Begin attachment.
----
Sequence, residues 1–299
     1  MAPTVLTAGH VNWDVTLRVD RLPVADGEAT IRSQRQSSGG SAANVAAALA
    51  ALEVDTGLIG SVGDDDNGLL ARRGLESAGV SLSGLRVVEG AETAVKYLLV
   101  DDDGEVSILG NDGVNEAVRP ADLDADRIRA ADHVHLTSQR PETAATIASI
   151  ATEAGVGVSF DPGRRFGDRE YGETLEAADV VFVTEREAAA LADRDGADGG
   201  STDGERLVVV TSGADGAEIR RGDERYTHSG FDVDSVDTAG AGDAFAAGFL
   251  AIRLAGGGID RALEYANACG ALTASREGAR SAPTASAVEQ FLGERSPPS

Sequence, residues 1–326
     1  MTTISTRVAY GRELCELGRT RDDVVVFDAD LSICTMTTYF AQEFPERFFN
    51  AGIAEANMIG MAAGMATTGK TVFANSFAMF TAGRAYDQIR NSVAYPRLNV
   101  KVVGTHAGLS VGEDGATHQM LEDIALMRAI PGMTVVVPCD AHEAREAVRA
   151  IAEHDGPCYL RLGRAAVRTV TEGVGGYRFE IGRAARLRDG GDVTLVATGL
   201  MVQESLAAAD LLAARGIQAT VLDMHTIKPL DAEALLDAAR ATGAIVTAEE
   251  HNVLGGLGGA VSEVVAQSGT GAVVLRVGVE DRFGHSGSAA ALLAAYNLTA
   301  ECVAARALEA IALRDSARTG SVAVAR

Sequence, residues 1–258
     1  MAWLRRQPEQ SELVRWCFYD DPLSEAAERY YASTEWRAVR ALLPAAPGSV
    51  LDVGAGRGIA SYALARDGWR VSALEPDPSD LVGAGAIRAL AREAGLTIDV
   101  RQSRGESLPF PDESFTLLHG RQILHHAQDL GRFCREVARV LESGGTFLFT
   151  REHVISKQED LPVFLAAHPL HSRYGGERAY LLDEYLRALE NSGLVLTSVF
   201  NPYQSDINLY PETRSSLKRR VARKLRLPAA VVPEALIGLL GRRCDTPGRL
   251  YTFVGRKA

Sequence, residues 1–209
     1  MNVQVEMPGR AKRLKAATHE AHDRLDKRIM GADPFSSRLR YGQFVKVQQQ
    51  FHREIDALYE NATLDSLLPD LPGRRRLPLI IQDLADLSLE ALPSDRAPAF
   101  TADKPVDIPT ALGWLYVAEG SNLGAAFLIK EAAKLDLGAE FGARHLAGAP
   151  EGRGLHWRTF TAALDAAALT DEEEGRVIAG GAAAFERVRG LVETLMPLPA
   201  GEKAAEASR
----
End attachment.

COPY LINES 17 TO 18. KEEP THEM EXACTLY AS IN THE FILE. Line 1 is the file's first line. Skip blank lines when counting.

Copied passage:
     1  MAWLRRQPEQ SELVRWCFYD DPLSEAAERY YASTEWRAVR ALLPAAPGSV
    51  LDVGAGRGIA SYALARDGWR VSALEPDPSD LVGAGAIRAL AREAGLTIDV